Elvie Kay turned twenty-three months on the 3rd of February.
This is her last monthly update. Already things have slowed down enough that writing every month becomes somewhat difficult. She’s a character, alright, but not quite the quickly-changing character she has been. She’s settling into herself.
She’s been sitting for longer and longer books, and for more and more books at a time. She’s learning her letters, not because I’m teaching them per se, but because she’s asking what they are and of course one must answer her. Her favorite books at the moment are Madeline and Dr. Suess’ A-B-C. She can spell the title of the former.
She loves to sing. Just this weekend we went to a concert put on by an a cappella group. She sat in the audience whispering, “Sing…sing?” She enjoys joining in when we sing during Morning Time, even if she fudges half of the words. She’ll sing with me when I play the piano. And she loves her own little made-up sing-songs, which she forces me to sing with her. (“MOMMYYYYYY! SING YA-YA-YA!!”) She greets me every morning with our Morning Song. She has a song in her heart, for sure.
She is still an expert both at harassing and at being harassed. She and Anselm in particular have quite a daily habit of antagonizing one another, which frequently culminates in her running to me and hiding behind my legs while screaming no…no…NO! If you pity her, beware: she is the instigator at least half of the time, if not more.
Her apple swiping habit is still in full swing, and she has yet to learn that you can’t eat a banana by biting right into the side of an unpeeled one, though she is loath to give up testing her hypothesis. She still amuses herself by finding and taking people’s personal belongings to them, whether they need them or not. And she still likes to help unload the silverware from the dishwasher, though now instead of handing each one to me, she flings it into the drawer without me before I can take it from her. She’d do the whole thing herself if she could. She’s tried.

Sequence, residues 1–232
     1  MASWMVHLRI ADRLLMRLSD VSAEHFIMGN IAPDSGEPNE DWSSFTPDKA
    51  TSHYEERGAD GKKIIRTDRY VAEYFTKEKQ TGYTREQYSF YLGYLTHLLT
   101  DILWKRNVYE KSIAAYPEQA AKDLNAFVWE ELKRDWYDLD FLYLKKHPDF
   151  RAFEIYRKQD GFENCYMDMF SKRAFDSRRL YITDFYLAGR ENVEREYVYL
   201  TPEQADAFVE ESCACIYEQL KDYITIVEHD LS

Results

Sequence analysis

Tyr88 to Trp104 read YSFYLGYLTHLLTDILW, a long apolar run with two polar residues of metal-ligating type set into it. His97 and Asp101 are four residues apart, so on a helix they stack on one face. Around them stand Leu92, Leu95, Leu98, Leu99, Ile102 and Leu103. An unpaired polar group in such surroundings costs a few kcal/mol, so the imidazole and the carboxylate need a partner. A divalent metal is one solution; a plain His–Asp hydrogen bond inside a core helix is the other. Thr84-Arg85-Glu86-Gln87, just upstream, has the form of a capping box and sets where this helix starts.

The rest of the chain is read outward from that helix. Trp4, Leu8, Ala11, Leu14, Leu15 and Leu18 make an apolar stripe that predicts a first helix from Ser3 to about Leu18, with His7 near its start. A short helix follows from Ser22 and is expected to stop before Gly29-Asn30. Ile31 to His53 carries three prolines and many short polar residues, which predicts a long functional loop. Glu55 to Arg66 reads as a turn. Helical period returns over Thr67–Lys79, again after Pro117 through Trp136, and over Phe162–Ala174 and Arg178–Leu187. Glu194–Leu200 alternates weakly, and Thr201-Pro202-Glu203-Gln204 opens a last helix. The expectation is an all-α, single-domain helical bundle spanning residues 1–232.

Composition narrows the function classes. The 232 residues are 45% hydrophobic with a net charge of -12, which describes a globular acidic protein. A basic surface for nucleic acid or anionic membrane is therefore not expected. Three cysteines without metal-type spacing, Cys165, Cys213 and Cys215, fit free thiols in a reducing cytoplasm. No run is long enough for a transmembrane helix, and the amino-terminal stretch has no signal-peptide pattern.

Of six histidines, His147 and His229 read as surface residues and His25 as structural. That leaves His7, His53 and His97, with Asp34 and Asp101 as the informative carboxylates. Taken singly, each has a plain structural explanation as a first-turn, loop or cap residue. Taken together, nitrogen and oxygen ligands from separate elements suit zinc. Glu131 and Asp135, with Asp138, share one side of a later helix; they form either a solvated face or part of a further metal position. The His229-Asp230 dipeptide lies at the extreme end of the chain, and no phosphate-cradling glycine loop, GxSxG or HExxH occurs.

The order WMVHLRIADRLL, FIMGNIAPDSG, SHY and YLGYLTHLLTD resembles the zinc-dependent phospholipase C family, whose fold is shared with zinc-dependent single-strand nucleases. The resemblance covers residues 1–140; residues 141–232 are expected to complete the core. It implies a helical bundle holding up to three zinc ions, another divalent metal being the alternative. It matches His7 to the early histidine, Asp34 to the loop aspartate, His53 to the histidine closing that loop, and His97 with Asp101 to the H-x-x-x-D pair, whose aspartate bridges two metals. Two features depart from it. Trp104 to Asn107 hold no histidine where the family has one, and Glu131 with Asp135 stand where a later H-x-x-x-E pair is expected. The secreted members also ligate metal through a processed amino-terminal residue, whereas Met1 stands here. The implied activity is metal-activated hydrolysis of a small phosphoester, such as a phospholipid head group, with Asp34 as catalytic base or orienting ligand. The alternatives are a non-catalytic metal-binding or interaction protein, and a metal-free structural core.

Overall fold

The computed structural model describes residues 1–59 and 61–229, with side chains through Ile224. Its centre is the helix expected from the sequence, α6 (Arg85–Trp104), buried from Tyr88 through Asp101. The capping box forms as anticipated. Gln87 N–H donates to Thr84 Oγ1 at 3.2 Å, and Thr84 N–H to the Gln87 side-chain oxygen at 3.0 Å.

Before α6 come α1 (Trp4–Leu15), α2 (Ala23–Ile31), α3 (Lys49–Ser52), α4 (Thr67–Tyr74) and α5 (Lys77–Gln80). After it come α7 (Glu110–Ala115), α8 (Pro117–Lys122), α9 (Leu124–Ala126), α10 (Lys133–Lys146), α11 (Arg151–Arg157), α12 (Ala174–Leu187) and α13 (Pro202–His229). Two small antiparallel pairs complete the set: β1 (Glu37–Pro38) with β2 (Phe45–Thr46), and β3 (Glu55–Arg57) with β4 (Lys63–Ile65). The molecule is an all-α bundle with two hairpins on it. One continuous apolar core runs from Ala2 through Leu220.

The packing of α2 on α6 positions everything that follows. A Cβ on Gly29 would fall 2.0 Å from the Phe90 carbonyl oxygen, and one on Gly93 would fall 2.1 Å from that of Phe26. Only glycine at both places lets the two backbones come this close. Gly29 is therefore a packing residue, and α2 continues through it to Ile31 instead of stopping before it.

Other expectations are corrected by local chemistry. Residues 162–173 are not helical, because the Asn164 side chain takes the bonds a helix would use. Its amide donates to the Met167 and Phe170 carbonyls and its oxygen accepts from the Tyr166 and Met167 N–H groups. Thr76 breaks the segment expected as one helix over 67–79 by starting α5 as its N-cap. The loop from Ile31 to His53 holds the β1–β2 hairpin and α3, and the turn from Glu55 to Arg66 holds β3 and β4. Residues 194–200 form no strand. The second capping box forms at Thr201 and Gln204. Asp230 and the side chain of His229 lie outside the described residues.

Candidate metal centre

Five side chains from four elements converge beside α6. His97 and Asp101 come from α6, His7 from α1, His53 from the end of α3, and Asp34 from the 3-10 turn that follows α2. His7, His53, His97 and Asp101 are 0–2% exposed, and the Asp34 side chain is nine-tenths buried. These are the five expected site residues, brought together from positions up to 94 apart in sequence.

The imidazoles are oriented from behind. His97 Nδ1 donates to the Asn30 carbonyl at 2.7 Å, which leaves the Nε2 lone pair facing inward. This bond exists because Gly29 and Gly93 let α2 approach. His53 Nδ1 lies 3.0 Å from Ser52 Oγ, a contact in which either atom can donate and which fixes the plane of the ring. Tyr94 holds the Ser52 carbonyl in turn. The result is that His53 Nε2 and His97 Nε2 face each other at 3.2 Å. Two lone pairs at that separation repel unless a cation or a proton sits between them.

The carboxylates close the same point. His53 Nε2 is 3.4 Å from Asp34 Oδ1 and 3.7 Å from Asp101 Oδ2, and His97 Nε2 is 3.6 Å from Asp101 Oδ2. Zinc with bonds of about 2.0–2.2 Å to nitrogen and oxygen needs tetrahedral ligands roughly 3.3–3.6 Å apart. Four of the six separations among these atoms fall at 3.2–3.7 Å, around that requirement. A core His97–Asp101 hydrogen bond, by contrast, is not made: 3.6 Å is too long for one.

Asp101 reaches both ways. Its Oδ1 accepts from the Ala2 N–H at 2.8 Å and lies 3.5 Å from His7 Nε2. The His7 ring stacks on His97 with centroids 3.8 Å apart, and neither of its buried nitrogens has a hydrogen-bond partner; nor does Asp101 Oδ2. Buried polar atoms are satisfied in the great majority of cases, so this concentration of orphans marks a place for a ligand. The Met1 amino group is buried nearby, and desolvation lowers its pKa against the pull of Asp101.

We’re working on controlling emotional outbursts and submitting that intensely strong will of hers. She reminds me of Ephraim, with whom I had quite a lot of difficulty during these early years. We got through it alright, though, and we’ll get through this just fine too. Like Ephraim, she seems to become much more settled with herself once she’s realized she can rein in the fire, so to speak.
Her hair is so long, it’s hard to remember that some six months ago it was barely there. She is beginning to like for me to do things with her hair; when I’m done, she runs off to “show Daddy.”
She is the first of the children to have a clear preference for wearing certain things. She has no problem telling me that she does not approve of whatever clothes I am putting on her. If she really doesn’t like it, she’ll take it off, and suddenly appear later in the day with half her clothes missing. I do think this has more to do with practicality than aesthetics.
Oh Little Cakies, we love you: you and your love of Salsa music; your obsession with the piano, the accordion, the dulcimer, and any other instrument you can get your hands on; your crazy swagger when you’re very pleased with yourself; your magpie habits; your delight over celestial bodies; your sweet little voice going on and on about goodness knows what, and that authoritative nod you give when you’ve finished your verbal thesis. You wouldn’t be with us if not for loss, and you were just what this family needed.